RLE: Where the Future Begins
Activities in the Research Laboratory of Electronics (RLE) at the Massachusetts Institute of Technology (MIT) encompass an extensive range of natural and man-made phenomena, and our projects are both basic and applied.
Common among all RLE efforts is an expansive 21st century interpretation of the 19th century term “electronics,” starting at the most basic physical realm of particles and quantum physics and extending all the way to sophisticated engineering application technologies relevant to today and critical to tomorrow.
Major Research Themes
Research in RLE today is focused on seven major themes:
- Atomic Physics
- Circuits, Systems, Signals and Communications
- Quantum Computation and Communication
- Energy, Power and Electromagnetics
- Photonic Materials Devices and Systems
- Nanoscale Science and Engineering
- Multiscale Bioengineering and Biophysics
A Nexus of Multidisciplinary Initiatives
Seventy-two principal investigators in RLE—of whom sixty-four are members of the MIT faculty—direct the Laboratory’s research projects. Our professors reflect the Laboratory’s diverse scope of intellectual interests, and are drawn from nine MIT academic departments and divisions:
- Biological Engineering Division
- Department of Electrical Engineering and Computer Science
- Department of Materials Science and Engineering
- Department of Mathematics
- Department of Mechanical Engineering
- Department of Nuclear Science and Engineering
- Department of Physics
- Engineering Systems Division
- Harvard-MIT Division of Health Sciences and Technology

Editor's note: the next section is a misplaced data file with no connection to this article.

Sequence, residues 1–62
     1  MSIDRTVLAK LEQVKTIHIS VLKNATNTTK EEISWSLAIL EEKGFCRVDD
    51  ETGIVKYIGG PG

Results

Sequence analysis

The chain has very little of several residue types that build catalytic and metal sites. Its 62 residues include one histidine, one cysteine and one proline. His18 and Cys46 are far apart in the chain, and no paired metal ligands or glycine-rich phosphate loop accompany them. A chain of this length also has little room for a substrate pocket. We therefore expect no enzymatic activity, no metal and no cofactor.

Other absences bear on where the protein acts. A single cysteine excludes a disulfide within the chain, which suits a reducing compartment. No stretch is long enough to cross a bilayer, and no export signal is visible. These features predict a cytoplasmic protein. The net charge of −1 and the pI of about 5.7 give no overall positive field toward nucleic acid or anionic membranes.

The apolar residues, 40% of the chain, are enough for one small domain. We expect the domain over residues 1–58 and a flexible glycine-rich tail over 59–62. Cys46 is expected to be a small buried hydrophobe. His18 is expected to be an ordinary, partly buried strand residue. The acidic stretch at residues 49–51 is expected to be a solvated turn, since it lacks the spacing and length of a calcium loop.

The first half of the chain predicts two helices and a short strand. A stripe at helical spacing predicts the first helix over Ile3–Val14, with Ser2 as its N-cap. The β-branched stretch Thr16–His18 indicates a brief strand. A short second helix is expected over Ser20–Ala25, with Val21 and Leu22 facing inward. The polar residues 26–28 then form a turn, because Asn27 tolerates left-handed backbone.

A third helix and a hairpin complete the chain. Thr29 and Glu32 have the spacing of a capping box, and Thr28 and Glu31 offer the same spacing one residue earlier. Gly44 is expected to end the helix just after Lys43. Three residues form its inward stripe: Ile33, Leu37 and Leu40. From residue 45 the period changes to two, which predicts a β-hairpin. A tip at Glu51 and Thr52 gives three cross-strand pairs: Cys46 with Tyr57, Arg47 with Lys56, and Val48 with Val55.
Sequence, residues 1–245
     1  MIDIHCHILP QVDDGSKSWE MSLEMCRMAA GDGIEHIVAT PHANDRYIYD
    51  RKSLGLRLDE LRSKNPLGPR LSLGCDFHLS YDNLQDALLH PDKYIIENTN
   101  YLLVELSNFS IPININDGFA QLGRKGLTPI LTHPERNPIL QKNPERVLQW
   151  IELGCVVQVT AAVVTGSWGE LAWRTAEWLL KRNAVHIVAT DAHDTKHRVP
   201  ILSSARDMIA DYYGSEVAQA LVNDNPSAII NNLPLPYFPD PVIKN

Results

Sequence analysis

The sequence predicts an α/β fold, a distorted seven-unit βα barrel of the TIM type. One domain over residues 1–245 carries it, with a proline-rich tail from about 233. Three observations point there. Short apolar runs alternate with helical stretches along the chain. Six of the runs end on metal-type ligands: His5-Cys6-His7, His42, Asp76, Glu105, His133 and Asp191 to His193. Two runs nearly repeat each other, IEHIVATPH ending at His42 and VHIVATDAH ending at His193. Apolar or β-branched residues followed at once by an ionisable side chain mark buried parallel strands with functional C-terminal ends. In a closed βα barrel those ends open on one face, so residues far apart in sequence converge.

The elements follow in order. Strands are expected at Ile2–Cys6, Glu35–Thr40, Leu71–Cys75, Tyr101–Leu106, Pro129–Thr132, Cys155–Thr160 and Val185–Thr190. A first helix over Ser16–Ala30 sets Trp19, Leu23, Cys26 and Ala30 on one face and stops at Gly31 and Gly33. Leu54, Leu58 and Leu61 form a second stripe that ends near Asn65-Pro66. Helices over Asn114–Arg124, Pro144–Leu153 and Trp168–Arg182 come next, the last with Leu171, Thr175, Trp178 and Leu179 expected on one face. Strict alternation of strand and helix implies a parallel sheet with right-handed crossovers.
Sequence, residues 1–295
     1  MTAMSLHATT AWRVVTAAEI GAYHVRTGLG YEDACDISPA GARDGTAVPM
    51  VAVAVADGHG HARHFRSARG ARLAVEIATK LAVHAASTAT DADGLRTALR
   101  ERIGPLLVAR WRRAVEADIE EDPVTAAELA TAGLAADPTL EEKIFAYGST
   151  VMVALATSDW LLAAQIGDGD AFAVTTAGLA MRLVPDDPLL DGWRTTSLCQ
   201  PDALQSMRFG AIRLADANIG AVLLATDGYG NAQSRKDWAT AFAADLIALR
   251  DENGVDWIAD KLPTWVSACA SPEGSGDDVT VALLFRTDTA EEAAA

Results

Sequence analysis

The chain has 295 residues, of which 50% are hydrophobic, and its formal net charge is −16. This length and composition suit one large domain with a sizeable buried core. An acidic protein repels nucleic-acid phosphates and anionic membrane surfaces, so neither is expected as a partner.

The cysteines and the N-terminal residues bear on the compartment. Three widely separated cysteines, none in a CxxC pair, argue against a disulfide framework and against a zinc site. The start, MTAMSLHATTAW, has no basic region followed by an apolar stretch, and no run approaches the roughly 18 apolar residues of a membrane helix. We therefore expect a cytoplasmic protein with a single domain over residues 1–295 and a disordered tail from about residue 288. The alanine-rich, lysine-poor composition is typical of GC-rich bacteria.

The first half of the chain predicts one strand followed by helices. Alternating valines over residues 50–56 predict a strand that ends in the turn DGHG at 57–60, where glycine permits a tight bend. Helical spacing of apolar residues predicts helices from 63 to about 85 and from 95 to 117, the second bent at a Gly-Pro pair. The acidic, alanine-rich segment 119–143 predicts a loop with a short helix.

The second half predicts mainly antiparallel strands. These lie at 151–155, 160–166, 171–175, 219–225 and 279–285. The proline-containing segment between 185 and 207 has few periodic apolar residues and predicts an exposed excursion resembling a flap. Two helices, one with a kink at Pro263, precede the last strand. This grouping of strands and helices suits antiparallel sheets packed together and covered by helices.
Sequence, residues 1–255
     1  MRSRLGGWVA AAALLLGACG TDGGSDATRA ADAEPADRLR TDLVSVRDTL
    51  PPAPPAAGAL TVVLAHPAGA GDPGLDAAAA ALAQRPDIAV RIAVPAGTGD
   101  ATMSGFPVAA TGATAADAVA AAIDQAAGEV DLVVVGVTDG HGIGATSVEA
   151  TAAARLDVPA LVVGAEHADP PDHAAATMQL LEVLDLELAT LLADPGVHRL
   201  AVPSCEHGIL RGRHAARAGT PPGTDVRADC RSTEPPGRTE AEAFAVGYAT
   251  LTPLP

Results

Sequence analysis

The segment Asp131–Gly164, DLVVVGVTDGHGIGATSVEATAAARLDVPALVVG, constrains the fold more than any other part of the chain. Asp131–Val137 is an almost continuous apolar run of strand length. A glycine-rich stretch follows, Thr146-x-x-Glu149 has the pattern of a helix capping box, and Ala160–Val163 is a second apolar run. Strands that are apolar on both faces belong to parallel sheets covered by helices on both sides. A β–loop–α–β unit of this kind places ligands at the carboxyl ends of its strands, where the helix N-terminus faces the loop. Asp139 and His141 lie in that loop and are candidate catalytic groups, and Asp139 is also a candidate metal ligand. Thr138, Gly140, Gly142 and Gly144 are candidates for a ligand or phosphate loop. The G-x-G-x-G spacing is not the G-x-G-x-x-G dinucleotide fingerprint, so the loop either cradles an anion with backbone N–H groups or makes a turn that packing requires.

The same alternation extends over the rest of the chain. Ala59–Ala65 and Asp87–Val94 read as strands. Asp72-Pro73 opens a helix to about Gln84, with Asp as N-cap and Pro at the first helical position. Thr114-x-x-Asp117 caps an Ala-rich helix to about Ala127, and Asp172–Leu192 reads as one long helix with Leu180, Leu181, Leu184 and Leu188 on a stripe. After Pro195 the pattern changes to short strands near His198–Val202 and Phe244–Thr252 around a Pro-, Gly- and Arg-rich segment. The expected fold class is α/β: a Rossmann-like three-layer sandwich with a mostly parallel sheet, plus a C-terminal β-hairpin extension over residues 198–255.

Over three hundred MIT graduate and undergraduate students—also drawn from the MIT departments and divisions above—make RLE one of the primary environments for student learning at MIT. In fact, it is this combination of forefront research with student participation across multiple academic disciplines that characterize the RLE culture.
Sponsorship and Collaboration
The wide range of RLE research efforts are supported by the most diverse sponsor base at MIT. Principal sponsors of RLE research include:
- The Department of Defense (DOD)
- The National Institutes of Health (NIH)
- The National Science Foundation (NSF)
- Non-profit foundations and organizations
Moreover, a significant share of RLE activities is self-funded from gifts and from the discretionary resources of the Laboratory and its principal investigators.
Approximately a third of RLE’s activities involve collaborations outside of MIT with universities, institutions, and industry, making RLE one of the principal points of MIT connection with peer institutions, government, and the business world.